It’s hard not to have heard the opening track, “I Love L.A.,” which has become the second-largest U.S. city’s theme song. Get past the gung-ho chorus, however, and you’re in satirical mode, Newman’s trademark, along with his singing in character (rather than as himself). After dissing L.A.’s foremost rival – “Hate New York City/it’s cold and it’s damp” – the protagonist celebrates the mundane experience of driving down streets, Century Boulevard, Victory Boulevard, Santa Monica Boulevard, that are worlds away from the glitz and glamour of Broadway.
At this point, you might be wondering if Newman is the same guy who composed all those Disney soundtracks. Yes: it’s the same guy. In the 70s, he made critically acclaimed albums with complex arrangements, such as Good Old Boys (1974), that made so little money he was required to tour as a solo performer, because he couldn’t afford to hire a band. Although he’s very well off from his Disney employment, his shows last year were typically just him at his piano.
“Christmas in Capetown” shifts to a darker tonality, signaling a more ominous mood that pervades Trouble in Paradise. Three years earlier, Steely Dan’s Gaucho (1980) set the pace with slickly-produced songs concealing venomous lyrics; the closer, “Third World Man,” mocked the sentimental reaction to the news of ongoing dirty wars across the globe spurred on by U.S. foreign policy.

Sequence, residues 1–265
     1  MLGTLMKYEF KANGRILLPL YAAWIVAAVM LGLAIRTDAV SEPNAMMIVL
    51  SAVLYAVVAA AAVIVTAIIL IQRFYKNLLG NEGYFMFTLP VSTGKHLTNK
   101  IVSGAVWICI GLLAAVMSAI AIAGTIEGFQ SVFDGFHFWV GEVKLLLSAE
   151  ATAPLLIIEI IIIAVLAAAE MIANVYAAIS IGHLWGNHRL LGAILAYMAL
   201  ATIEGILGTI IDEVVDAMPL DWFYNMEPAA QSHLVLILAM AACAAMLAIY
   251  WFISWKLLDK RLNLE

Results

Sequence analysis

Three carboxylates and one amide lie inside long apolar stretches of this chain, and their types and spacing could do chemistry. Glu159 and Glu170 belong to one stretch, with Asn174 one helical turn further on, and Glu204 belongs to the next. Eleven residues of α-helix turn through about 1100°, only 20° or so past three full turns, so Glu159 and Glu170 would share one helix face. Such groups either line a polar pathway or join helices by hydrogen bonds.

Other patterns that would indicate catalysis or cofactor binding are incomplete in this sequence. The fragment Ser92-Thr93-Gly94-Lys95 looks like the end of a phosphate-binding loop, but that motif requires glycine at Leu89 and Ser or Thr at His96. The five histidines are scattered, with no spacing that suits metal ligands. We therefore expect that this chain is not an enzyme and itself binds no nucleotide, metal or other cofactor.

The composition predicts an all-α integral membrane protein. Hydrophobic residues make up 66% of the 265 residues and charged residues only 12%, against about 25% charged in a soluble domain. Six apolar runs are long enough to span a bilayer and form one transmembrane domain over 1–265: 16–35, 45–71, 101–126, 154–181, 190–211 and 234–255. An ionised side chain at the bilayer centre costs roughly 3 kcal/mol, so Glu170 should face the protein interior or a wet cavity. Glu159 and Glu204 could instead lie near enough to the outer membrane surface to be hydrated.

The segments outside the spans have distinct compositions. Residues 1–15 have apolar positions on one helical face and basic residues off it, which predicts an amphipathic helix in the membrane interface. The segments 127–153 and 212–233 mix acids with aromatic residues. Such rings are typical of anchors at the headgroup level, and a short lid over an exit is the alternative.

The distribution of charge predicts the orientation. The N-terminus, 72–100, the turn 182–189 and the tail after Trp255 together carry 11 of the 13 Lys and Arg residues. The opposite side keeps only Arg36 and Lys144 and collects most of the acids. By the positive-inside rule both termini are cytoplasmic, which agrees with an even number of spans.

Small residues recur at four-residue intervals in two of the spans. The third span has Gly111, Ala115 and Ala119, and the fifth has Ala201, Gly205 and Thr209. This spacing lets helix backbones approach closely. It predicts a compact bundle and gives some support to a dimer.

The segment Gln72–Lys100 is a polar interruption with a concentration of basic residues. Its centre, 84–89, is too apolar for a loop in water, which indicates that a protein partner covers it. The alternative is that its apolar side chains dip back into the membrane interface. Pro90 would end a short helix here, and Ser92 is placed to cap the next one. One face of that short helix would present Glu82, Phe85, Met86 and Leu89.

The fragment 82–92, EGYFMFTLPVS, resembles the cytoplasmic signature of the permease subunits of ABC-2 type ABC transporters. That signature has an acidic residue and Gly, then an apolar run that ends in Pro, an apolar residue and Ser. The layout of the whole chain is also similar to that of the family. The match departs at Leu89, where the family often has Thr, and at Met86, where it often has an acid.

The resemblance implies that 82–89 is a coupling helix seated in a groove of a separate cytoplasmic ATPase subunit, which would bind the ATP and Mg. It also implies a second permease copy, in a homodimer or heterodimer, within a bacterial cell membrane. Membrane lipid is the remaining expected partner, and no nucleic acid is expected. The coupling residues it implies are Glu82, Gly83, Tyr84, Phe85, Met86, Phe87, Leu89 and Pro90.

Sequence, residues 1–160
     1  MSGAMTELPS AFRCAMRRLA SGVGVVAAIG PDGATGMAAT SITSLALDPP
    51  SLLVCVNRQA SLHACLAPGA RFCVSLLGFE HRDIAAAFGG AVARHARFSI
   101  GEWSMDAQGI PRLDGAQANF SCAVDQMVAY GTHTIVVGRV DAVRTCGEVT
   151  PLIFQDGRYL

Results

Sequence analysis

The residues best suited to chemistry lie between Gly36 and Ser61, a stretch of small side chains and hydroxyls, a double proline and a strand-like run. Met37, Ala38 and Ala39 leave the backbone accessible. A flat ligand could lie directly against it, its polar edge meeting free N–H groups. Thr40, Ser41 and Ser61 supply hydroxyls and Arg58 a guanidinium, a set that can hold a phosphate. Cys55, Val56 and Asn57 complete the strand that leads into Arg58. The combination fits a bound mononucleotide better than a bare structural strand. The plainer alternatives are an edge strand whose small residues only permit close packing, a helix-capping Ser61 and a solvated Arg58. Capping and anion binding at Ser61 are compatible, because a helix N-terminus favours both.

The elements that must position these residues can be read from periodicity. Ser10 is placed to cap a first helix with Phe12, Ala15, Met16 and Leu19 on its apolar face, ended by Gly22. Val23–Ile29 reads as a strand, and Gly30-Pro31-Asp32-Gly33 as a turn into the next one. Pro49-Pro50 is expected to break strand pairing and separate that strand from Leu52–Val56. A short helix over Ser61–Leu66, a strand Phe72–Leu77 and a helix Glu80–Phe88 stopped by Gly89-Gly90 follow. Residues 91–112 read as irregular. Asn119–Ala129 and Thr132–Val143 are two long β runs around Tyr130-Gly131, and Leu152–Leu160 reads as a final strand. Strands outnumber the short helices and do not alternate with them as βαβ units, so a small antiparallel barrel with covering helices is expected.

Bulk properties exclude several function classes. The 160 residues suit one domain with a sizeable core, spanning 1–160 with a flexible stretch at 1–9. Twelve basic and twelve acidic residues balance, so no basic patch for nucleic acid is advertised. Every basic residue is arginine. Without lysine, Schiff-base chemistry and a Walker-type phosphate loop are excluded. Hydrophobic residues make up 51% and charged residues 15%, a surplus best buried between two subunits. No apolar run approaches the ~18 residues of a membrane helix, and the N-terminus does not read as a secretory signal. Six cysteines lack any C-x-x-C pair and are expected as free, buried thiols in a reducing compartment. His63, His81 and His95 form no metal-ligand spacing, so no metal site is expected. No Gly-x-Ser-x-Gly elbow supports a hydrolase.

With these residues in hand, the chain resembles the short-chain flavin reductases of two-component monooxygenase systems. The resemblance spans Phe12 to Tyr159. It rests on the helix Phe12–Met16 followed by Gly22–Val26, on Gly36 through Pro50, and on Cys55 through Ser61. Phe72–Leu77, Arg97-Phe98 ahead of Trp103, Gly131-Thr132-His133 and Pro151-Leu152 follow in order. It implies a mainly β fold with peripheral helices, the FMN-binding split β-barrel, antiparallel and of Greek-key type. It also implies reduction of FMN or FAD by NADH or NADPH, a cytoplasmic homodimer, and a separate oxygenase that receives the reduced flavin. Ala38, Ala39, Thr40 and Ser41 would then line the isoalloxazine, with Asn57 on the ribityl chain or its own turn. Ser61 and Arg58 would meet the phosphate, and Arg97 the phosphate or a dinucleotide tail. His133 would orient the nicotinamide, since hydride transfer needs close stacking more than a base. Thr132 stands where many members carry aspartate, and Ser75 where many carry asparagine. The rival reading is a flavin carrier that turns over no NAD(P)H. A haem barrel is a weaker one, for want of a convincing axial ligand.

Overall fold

Newman ups the ante with “Christmas in Capetown,” a bracing antidote to the schmaltz that tortures our ears every holiday season. It’s from the perspective of an older white male Afrikaner (far from hesitant about using the N-word) coming to terms with the horrors of apartheid. At first, he reacts to how black South Africans have been historically conditioned to value Western European culture over their own: “They love our music.” But by the end of the song he can feel their anger which plunges him into a nihilistic despair: “What are we gonna do, blow up the whole damn country? I don’t know.”
The one-two punch of “I Love L.A.” and “Christmas in Capetown” sets Newman apart—he proves more adept at handling the early 80s than his peers. The fallout of making Gaucho caused a two-decade breakup between Walter Becker and Donald Fagan, the masterminds behind Steely Dan; the next official album, Two Against Nature, wouldn’t be released until 2000. Likewise, the partnership of Roger Waters and David Gilmour, architects of the classic songs from the golden era of Pink Floyd that took more than a few satirical jabs at British twits, ended for good with The Final Cut in 1983. That same year, Elvis Costello, a Newman fan and whip-smart British songwriter with a punk attitude, took a more pop approach on Punch the Clock, but with diminishing returns.
1983 was also a pivotal year for Tom Waits. Influenced by Newman, Waits had been previously known for piano-based character studies of L.A. lowlifes. Swordfishtrombones announced a major stylistic change: following the innovations of Captain Beefheart that twisted blues music into wildly free-form blasts of dissonance, Waits could further distance himself from the L.A. pop-music machine led by the likes of the Eagles (his 70s record label mates).